Pyramid lake offers visitors various activities to participate in, including boating, fishing, swimming, and Jet skiing, as well as several picnic areas that are only accessible by boat. Alongside the lake, there are plenty of options for camping and hiking.
#8 Lake Perris
Lake Perris is an artificial lake situated between Moreno Valley and Perris in the Inland Empire. Because this lake is near several highly populated areas, it can get very crowded in the Summer months, so for a peaceful experience, off months are often a great time to visit.
Camping is available around the lake, as well as activities like picnicking, horseback riding, swimming, and rock climbing. The grounds also host the annual Big Rock Triathlon and a popular music festival that places concertgoers on the shores of the lake.
Allesandro Island is found in the middle of Lake Perris and is only accessible by boat. It offers picnic areas and public restrooms, making it a great option for escaping the crowds.
#9 Lake Piru
Lake Piru is a Ventura County reservoir found in the Lost Padres National forest. The lake is an escape for many Los Angeles residents as they flee the city to its shady campgrounds and beaches. Visitors enjoy boating, fishing, and a great environment for water sports like skiing and wakeboarding.
Lake Piru is notorious for its windy and rough conditions, so check weather forecasts before entering the water.
#10 Lake Elsinore
Lake Elsinore is a large natural freshwater lake found in Riverside County and is part of the San Jacinto River Watershed. Lake Elsinore is a haven for many in the Inland Empire when the Summer months come around, and temperatures soar well into the hundreds.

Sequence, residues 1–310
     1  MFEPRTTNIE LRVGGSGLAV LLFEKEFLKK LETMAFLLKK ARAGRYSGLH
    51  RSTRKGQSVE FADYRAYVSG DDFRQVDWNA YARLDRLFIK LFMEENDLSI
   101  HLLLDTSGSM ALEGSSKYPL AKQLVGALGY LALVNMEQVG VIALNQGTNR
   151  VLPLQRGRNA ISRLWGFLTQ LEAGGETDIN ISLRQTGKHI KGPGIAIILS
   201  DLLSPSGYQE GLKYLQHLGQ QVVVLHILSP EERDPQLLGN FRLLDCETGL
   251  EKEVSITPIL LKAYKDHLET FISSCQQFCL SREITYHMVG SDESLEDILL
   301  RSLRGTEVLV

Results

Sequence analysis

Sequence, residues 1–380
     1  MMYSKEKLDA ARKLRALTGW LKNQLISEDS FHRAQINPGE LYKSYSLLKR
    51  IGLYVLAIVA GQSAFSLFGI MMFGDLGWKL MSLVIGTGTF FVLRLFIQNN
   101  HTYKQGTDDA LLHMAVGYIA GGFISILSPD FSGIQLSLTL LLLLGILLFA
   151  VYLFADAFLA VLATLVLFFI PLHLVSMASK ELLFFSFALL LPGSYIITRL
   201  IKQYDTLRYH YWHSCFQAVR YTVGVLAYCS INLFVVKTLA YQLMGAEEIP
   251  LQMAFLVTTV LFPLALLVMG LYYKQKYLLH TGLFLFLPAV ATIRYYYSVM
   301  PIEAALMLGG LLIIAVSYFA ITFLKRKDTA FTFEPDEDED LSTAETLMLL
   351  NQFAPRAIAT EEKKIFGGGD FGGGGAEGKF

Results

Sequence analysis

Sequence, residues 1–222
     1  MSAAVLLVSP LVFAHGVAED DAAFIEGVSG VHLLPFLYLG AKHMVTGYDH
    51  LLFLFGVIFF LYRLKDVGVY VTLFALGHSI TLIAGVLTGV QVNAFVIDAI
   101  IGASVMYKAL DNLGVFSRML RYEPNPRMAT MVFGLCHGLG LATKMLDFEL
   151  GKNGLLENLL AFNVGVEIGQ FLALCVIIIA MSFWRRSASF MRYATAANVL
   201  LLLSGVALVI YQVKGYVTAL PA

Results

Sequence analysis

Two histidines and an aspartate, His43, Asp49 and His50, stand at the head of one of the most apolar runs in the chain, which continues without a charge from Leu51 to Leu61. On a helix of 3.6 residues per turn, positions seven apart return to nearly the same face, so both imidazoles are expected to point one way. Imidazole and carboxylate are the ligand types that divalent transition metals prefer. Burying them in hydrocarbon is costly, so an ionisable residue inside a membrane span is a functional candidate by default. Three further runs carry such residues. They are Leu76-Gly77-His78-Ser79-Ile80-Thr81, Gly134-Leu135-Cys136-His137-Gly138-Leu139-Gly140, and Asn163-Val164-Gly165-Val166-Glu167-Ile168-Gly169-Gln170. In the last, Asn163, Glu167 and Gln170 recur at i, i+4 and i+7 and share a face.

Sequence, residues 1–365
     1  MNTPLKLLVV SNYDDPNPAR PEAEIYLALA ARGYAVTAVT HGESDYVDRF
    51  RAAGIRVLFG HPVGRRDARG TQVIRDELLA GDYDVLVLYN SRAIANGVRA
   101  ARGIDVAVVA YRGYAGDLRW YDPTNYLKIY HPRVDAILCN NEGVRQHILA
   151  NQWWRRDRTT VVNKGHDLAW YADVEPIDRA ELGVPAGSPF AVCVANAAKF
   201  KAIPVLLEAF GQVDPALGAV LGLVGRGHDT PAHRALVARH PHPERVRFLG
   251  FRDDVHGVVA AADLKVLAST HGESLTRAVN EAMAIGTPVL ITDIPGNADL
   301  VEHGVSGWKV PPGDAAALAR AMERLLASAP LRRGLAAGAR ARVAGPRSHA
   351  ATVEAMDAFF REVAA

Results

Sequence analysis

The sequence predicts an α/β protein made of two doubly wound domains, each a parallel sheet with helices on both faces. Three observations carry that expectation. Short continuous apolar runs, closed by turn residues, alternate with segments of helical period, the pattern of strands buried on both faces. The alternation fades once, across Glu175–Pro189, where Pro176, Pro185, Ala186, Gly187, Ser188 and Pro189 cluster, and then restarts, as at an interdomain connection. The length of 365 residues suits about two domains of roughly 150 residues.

Any given day on the lake, you will see a great deal of boats towing skiers and wakeboarders behind them, as well as families picnicking on all of its beaches. Because Lake Elsinore is located in such a populated area, it can get crowded, but a bonus is a plethora of local restaurants and bars to enjoy at the end of a day in the sun.
#11 Lake Havasu
Lake Havasu is a portion of the Colorado River that sits right on both sides of the California-Arizona border. The Colorado River and Lake Havasu, in particular, are the scene of some of the wildest parties these states have to offer. Located near a college campus and attracting young people far and wide, Havasu has even been featured on MTV’s Spring Break. If you are looking for a weekend of quiet relaxation, this may not be the place for you.
The heat can be so extreme at the lake that most spend as much time as possible in and on the water by swimming, tubing, or taking part in water sports. If you are looking into a vacation rental in the area, be sure to double-check that AC is offered.
#12 Lake Hollywood
Lake Hollywood is a little-known reservoir situated in the Hollywood Hills of Los Angeles. The hidden lake is surrounded by trails that are used for hiking, walking, and running by those who know about them. One exciting feature is an excellent view of the Hollywood sign as it sits on its hill above the lake. The Mulholland Dam, which keeps the lake at bay, is also eye-catching and holds a fascinating history.
Hiking Etiquette & Tips
It is essential to always be prepared for hiking by wearing the appropriate clothing, packing the right gear, and being aware of hiking etiquette whenever you’re out on the trail. Here are some of our tips for ensuring your hike is a good one:
- Park only in designated spots, not off-road or in unpermitted areas.
- Wear the appropriate clothing for the time of year – bringing a layer in case of sudden temperature changes. Be sure to wear sturdy shoes (flip flops are never a good idea).
- Do not feed or approach any wildlife. Be aware there might be bears mountain lions, bobcats, or rattlesnakes on the trail.
- Bring a good amount of water, some food, and sunscreen with you.
- Never leave trash behind.
- It’s best not to hike alone, but if you do tell a friend where you’re going and when to expect you back.
Laura has spent lots of time exploring California’s cities, beaches, and national parks.